I always have the respect for my fellow brother and sisters who gave some or all of their lives to protect what is ours. We are the most free country in the world and it hasn't come cheep.
There's more to come, but what a trip it has been so far. There have been happy times and sad times, good times and bad times and all in between. Facebook has probably taken some of the readers. It is a easier and quick media to participate in. But, you can't change a few of us. 9 years! Holy cow!

Friday, September 9, 2016

Visiting the Chacon

I've passed this old ship for years, always curious about it and wanting to shoot photographs of it. Different reasons why I couldn't shoot always came up and the years went by. Today it was the foggiest I've seen it around here in some time, I had the camera with me and drove past the Chacon. I turned around and went back.
The fog made for a spooky setting. You thought you could feel the ghost of fisherman past. There's a marker on the boat, but it's way up and I figured I go online and find out more about her when I got home.
She was built in Seattle in 1912. The Chacon, a 100 ton wooden boat was owned by Thillman Wallace of Chugiak, and has been sitting along the Old Glenn Highway since 1984. Wallace first spotted the grounded vessel while on a fishing trip out of Homer. An adventurer at heart, Wallace fell in love with the old fishing boat that was half tipped over and grounded on a beach. He paid the owner $5,000, and rescued it with the intention of restoring it for a trip around the world.
But the project was much more extensive than Wallace expected. At 82 feet long, 18 feet wide, and 100 tons, the old ship turned out to be what Thillman called “having an elephant by the tail”. To get the old boat from the beach in Homer to the Port of Anchorage required a ship surveyor, multiple patches, floating it loose at the highest tide of the year, and a crew of helpers. Then, Wallace had to pay a building mover $15,000 to truck the boat along the Glenn Highway to its present resting place.
After Wallace died last year, members of the community and the Chugiak Volunteer Fire & Rescue Center came together to clear away the moss and growth on the Chacon, and placed a plaque on it in memorial. She has been moved a short distance to her own spot that was donated to the Chugiak Volunteer Fire & Rescue Center.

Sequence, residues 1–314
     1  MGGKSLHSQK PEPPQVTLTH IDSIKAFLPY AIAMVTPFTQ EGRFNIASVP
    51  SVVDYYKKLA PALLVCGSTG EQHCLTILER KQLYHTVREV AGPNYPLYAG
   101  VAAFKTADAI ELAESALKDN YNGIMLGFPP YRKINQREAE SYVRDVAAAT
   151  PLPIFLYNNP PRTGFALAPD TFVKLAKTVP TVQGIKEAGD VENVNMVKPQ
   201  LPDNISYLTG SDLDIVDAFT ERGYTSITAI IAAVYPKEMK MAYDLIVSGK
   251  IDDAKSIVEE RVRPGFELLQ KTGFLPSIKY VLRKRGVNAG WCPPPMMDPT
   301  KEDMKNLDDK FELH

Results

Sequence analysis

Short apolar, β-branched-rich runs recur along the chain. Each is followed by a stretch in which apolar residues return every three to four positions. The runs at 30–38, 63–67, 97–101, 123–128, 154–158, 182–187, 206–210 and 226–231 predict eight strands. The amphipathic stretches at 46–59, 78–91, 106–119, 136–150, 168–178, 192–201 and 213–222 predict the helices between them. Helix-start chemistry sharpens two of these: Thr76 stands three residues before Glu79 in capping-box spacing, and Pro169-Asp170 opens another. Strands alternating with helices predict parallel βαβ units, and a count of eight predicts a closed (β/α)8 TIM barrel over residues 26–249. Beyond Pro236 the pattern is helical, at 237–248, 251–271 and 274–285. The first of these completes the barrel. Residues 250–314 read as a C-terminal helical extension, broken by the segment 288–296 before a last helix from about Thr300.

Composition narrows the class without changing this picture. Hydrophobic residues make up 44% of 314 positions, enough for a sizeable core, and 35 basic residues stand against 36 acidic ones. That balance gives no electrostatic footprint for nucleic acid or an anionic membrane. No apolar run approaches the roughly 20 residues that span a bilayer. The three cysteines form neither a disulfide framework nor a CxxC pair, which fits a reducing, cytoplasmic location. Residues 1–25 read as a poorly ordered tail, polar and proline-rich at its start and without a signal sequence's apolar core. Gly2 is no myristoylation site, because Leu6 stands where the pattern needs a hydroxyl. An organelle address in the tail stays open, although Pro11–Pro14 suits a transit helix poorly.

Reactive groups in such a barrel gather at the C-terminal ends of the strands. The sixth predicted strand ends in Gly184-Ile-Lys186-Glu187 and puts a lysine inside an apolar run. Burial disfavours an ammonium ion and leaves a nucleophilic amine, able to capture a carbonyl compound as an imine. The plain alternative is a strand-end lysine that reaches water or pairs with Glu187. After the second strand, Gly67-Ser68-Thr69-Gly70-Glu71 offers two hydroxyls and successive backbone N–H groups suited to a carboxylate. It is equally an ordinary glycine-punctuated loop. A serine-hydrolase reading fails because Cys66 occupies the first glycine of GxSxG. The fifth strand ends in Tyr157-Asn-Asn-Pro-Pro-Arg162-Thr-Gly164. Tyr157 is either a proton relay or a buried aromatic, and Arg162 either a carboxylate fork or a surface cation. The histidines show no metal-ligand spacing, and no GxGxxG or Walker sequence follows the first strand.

Time has taken its toll on the Chacon, but a Go Fund Me page has been set up to care take her and to do some restoration. If you'd like to read more about what going on with her, read her Go Fund Me page or check out these stories from the Alaska Star;

Monday, September 5, 2016

Take the Highway, Denali Higheway that is

Macy and Cooper doing the Denali Highway

We left a little late. There's a first. My work tends to get in the way sometimes. We got on the Parks Highway, Alaska Route 3 about 7pm, so that means we'd get into Cantwell real late. Traffic wasn't bad after we got past Willow. Lots of hunters on the road. We made a few potty stops but we were making good time. It'll be dark when we get to Cantwell.

We pulled into the Chevron gas station in Cantwell about 10:30pm. We weren't alone, there were plenty of RV’s lining up to gas. We gassed up and cleaned the windshield and lights and then headed for the Denali Highway, Alaska Route 8. They repaved the road at the entrance and painted the lines since we were here last month. Looks nice, but deceiving. If you hadn't been here before, it’s only paved for two miles.

We passed where we camped on our first last trip. I pointed it out to the pups. Someone was already camping there. I wanted to see if the spot we camped at the second night about mile 98 was open. We passed a lot of people pulled off into the nooks and crannies to camp. Sorry, I don't like it right next to the road. However, it is hunting season so there are lots of people out here parking wherever they can. You see some really neat rigs. We crossed the Nanana River, the Brushkana Creek, but it was fairly dark.